• As of 27 November, 2020, 193 suspected or confirmed cases of COVID-19 were identified in 3,974 patients in 10 ongoing ocrelizumab clinical trials (5% of the trial population). Overall, 81.3% (157/193 cases) were subsequently classified as confirmed COVID-19 infections. The median (range) time since the first ocrelizumab dose was 3.6 years (0.5–11.6) in ocrelizumab-treated patients with COVID-19 infection compared to 3.0 years (0–12.4) in the overall population
    • No association between symptomatic COVID-19 infection and time since first ocrelizumab dose was observed (OR=1.03, 95% CI: 0.88–1.22, p=0.68)
  • There is an association between increasing number of comorbidities and greater risk of developing symptomatic COVID: one comorbidity (OR=1.68, 95% CI: 1.15–2.47, p<0.01) or ≥2 comorbidities (OR: 2.25, 95% CI:1.09–4.66, p=0.03)

Seriousness, severity and outcomes of ocrelizumab-treated patients with COVID-19 infection1

  • In the pool of ocrelizumab clinical trials, there were 193/3,974 cases of suspected or confirmed COVID-19, of which there were 57 (29.5%) cases of serious† COVID-19
    • The majority of cases (168/193, 87.0%) had recovered or were recovering at the time of the report
    • Overall, 40/57 (70.2%) of the serious cases had recovered or were recovering at the time of the report
  • Of the symptomatic COVID-19 cases, 127 (65.8%) were mild or moderate, 39 (20.2%) were severe, 7 (3.6%) were life-threatening, and 13 (6.7%) were fatal. Information on severity was unknown in seven (3.6%) cases
    • Of the serious cases of COVID-19, 4 (7.0%) were mild or moderate in severity, 33 (57.9%) were severe, 7 (12.3%) were life-threatening, and 13 (22.8%) were fatal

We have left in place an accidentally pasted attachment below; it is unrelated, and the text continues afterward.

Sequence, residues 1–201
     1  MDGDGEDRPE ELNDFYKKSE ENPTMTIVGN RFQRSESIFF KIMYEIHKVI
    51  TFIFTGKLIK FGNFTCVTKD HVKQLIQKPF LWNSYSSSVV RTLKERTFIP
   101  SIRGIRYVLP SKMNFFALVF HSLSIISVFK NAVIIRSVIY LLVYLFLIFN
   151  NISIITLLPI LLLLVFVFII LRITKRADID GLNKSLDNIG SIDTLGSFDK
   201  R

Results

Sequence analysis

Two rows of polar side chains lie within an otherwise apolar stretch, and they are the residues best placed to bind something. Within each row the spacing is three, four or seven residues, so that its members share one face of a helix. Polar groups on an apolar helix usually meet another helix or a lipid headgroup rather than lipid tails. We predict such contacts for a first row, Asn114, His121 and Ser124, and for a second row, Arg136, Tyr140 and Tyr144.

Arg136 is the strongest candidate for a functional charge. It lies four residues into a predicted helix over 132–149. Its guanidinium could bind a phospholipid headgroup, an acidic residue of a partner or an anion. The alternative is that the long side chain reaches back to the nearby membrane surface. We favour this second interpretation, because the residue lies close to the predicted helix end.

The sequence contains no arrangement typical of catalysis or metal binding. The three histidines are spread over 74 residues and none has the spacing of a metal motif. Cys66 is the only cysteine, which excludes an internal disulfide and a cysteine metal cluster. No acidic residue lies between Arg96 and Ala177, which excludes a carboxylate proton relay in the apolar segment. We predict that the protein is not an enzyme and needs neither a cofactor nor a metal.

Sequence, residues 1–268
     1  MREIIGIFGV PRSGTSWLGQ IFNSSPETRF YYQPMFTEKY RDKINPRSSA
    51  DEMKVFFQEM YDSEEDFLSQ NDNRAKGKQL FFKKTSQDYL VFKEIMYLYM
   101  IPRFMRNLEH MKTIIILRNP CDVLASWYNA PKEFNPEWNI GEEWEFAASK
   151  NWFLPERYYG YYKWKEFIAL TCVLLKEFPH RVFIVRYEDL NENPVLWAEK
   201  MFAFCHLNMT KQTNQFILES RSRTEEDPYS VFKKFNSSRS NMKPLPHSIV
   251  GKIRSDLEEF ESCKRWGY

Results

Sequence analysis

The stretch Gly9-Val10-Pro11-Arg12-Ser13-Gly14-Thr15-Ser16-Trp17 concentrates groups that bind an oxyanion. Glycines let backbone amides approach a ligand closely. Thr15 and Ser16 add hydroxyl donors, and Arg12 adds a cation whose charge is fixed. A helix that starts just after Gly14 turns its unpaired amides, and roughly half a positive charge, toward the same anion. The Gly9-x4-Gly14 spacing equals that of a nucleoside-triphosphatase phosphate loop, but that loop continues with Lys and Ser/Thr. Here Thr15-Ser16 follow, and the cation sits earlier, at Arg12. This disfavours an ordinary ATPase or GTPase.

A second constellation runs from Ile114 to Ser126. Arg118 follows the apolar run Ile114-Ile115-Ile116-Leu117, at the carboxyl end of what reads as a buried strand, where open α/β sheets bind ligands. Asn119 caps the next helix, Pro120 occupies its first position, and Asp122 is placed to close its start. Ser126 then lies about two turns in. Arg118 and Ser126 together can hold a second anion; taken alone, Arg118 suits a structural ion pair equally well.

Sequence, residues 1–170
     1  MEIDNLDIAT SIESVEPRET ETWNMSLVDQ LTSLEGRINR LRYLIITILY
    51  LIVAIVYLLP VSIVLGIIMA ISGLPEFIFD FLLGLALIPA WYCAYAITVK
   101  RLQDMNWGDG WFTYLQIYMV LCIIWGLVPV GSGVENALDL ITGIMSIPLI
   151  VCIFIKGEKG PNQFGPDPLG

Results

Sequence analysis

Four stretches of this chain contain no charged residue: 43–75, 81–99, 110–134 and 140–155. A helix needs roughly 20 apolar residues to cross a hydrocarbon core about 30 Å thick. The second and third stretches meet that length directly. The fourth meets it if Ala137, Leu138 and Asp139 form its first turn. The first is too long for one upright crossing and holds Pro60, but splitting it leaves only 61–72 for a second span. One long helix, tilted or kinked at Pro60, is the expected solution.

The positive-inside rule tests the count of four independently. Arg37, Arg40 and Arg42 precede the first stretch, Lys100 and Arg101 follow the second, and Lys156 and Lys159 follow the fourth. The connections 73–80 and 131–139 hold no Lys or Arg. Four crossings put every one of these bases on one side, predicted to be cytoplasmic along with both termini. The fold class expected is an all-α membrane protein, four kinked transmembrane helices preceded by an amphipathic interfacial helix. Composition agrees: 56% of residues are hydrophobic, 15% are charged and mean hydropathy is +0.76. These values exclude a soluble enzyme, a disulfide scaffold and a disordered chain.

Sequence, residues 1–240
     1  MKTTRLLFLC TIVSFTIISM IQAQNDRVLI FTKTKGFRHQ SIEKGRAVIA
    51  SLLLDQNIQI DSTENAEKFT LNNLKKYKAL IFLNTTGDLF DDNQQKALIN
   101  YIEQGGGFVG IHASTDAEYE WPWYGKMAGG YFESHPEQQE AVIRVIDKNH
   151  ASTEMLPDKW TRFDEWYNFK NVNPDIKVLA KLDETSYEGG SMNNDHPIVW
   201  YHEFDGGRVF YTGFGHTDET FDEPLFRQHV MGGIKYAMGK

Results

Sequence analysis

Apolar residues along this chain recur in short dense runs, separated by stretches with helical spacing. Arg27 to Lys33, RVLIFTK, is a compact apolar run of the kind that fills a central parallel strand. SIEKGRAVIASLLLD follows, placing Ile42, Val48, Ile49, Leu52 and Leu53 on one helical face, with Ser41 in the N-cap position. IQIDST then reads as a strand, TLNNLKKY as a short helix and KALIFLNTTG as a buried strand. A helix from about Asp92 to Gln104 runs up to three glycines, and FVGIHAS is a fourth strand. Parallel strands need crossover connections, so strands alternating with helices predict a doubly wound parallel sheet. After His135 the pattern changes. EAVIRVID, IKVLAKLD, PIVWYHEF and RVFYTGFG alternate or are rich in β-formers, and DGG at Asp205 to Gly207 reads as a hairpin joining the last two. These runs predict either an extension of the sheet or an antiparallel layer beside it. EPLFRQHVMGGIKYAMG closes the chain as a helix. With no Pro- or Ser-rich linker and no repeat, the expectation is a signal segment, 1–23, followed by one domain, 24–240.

Post-marketing reports1

  • Post-marketing pharmacovigilance data are important because they allow for safety data collection in a real-world setting
  • Strengths in this data collection method include a broad pool of reporters, global coverage, standardised AE reporting form, including standardised assessment of seriousness and severity, as well as follow-up of cases with missing information
  • However, AE reporting is voluntary and post-marketing pharmacovigilance reports often provide incomplete information
    • The exact denominator is not known, and the data are dependent on voluntary reporting and spontaneous reports which are often biased towards more severe cases
    • Despite enhanced follow-up, missing information remains an issue

COVID-19 cases in ocrelizumab-treated patients1,2

  • As of 30 November, 2020, 613 cases of COVID-19 in ocrelizumab-treated patients were identified in the post-marketing setting
  • Overall, 568 cases were classified as confirmed COVID-19 cases, and 45 as suspected COVID-19 cases
  • More than 200,000 pwMS have been treated with ocrelizumab globally, in clinical trial and real-world, post-marketing settings1

Severity and outcomes of COVID-19 in ocrelizumab-treated patients1,2

  • Of 613 reported cases, a total of 202 (33.0%) required hospitalisation (Table 1), 11.4% of these hospitalised cases were asymptomatic, mild or moderate in severity
  • Outcomes were known in 74.4% (456/613) of the cases
  • The majority of these patients (383/613; 62.5%) had recovered, or were recovering, at data
    cut-off (Table 1)

                Table 1: Severity and outcomes of COVID-19 in ocrelizumab-treated patients1,2

Table 1: Severity and outcomes of COVID-19 in ocrelizumab-treated patients1,2

*Severity categories were assigned as follows: asymptomatic, if it was explicitly stated that no symptoms were present; mild, if